Monday :: Jul 6, 2009

Obama, Medvedev Announce Arms Reduction Agreement

by Turkana

President Obama may not have looked into Russian President Medvedev's soul, but he did, today, take a more significant diplomatic step with Russia than was made in Bush's entire eight disastrous years in office! As reported by the New York Times:

The United States and Russia, seeking to move forward on one of the most significant arms control treaties since the end of the cold war, announced Monday that they had reached a preliminary agreement on cutting each country’s stockpiles of strategic nuclear weapons by as much as one-third.

The so-called framework agreement, which is intended to replace the 1991 Strategic Arms Reduction Treaty, or Start, was put together by negotiators as President Obama arrived here for his first Russian-American summit meeting. It was approved by Mr. Obama and Russia’s president, Dmitri A. Medvedev.

Since taking office in January, Mr. Obama has vowed to improve relations with Russia, which had steadily worsened in the final years of his predecessor, George W. Bush. Less than a year ago, Russia’s war with Georgia had caused the deepest strains between Moscow and the West since the fall of the Soviet Union.

This is preliminary, but it represents a huge step forward in US-Russian relations. For background, check this terrific post by Plutonium Page, the key part of which may be this:

Andrew Grotto is a national security expert with the Center for American Progress, as well as a frequent contributor at the invaluable national security blog, Arms Control Wonk. He said:

So what would a successful summit look like? You know the two sides we’re dancing around are arms control and a whole suite of proposed areas for bilateral cooperation now since [the Bush-Putin meeting last spring]. So from my perspective, the summit is a success if they finally get to first base and announce a concrete action plan for replacing START.

Another point I want to leave you with is you know so the United States, arms control has become something like a Rorschach test for the broader U.S.-Russian relationship... the U.S.-Russian relationship is characterized by both cooperation and competition, always has been, probably always will be. The fact is the two sides have a common interest in some areas but conflicting interests in other areas.


Negotiations will take time, particularly when you consider you know the complexity of the issues. But I actually think this learning curve is healthy because it will force the two sides to be creative and hopefully even serve as a firewall to Cold War-like thinking.

He and the other experts went on to answer questions from various reporters; inevitably, the question of the planned US installation of a ballistic missile defense shield in Europe came up.

First base? A concrete action plan? I haven't found any new posts by Grotto, and there's nothing up at the Arms Control Wonk site, but this is how the Washington Post describes the agreement:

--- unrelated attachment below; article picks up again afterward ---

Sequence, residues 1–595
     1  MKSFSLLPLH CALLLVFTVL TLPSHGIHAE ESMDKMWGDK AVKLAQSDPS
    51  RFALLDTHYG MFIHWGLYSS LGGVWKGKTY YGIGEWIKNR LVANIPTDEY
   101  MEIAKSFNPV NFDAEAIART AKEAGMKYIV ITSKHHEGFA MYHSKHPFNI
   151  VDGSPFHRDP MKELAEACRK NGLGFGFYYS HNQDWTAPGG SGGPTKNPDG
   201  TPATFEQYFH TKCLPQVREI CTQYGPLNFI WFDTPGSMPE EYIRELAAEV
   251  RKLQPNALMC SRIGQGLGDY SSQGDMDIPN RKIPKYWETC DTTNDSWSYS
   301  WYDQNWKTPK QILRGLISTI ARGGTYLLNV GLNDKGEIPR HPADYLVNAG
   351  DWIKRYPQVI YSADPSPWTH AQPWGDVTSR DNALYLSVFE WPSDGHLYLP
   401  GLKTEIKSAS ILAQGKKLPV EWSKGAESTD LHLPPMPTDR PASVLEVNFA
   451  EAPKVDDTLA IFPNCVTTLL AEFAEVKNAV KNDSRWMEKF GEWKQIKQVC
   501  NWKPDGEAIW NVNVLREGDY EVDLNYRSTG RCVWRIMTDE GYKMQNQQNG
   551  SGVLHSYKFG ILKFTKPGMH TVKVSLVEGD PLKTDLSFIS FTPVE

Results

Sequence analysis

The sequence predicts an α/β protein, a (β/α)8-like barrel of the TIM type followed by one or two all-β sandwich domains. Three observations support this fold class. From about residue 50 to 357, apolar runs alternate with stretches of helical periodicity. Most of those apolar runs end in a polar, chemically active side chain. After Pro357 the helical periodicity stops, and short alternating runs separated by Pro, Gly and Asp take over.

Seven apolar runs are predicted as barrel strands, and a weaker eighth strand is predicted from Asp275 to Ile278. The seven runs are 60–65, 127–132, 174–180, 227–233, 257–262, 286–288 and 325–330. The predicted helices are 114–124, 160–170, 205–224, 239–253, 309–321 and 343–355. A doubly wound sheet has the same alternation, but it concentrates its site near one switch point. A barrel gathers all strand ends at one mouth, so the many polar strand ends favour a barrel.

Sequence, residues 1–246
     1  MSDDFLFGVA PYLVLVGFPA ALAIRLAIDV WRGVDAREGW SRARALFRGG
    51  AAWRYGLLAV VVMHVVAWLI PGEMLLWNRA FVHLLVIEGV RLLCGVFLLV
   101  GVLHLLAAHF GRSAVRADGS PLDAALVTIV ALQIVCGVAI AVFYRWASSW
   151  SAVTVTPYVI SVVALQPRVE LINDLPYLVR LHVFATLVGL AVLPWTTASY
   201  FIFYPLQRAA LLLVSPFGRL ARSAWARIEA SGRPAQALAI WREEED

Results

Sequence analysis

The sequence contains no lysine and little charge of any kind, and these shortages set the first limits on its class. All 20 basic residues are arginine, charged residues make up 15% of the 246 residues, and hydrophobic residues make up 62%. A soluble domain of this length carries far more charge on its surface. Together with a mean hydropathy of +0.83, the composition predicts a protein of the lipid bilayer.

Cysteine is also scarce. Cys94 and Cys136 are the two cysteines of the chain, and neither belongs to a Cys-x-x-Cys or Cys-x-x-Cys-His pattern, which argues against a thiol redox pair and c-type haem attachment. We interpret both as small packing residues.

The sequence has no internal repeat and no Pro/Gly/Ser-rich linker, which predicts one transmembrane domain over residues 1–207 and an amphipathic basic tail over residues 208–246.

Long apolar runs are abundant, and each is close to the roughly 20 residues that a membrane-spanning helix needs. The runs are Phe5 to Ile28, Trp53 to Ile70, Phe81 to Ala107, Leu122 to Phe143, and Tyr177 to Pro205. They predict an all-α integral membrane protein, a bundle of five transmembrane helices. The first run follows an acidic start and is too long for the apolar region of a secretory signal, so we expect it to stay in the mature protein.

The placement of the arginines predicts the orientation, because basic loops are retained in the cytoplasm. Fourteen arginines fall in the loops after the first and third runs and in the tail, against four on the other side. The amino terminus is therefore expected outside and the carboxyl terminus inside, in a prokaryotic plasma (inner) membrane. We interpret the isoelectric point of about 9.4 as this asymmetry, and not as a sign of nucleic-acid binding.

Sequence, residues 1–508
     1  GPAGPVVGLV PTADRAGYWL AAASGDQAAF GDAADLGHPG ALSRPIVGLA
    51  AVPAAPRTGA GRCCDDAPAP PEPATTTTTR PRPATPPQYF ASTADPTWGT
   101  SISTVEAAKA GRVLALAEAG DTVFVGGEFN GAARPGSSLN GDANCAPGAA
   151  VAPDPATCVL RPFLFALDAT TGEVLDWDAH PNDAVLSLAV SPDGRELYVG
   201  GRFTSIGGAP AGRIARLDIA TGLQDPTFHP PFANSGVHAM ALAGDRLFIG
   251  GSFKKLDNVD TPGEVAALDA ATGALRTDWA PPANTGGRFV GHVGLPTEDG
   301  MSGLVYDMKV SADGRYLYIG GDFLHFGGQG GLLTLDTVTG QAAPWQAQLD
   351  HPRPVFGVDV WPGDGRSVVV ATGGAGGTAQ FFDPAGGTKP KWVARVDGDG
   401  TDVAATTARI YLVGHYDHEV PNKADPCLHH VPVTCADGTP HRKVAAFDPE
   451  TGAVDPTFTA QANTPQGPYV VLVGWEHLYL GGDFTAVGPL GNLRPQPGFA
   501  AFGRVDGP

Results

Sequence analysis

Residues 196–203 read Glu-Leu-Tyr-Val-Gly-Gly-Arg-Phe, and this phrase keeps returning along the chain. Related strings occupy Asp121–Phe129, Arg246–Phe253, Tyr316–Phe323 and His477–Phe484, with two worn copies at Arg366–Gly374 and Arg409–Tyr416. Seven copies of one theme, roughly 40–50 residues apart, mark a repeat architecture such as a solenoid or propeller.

In a "joint understanding" they signed before taking questions at a news conference, the two presidents instructed negotiators to draft a new accord that would commit both the United States and Russia to reduce their nuclear warheads to between 1,500 and 1,675 for each country, down from the previous ceiling of 2,200.

The two leaders also called for cutting the number of missile launchers and bombers each nation can keep to between 500 and 1,100, from the previous limit of 1,600. The wide range reflected the need for further negotiations over Russian demands for sharper reductions.

Obama, who arrived in Moscow Monday for a three-day summit, said a new arms reduction treaty "will be completed this year." He said after talks with Medvedev that the understanding they signed would help increase nuclear security and slow the spread of nuclear weapons.

Sounds like first base, at least. There is one possible major hitch, although it shouldn't be. The Los Angeles Times:

Gary Samore, the White House point man on weapons of mass destruction, has acknowledged that a major point of contention is the U.S. push for a missile defense system based in Poland and the Czech Republic. Russian officials consider that a direct challenge to their nuclear program.

The United States views the missile shield and reductions of the arsenals as separate issues, Obama said at the news conference, while the Russians want them to be linked.

Given that "missile defense" doesn't work, despite being the most expensive "weapons" system in human history, this one shouldn't be hard to resolve. For more on "missile defense," check this definitive article by Jack Hitt, in Rolling Stone.

Meanwhile, we have a new president taking a huge first step towards legitimate arms reductions. And a huge first step towards repairing diplomatic relations with Russia. Not a bad day's work.

Turkana :: 12:48 PM :: Comments (7) :: Digg It!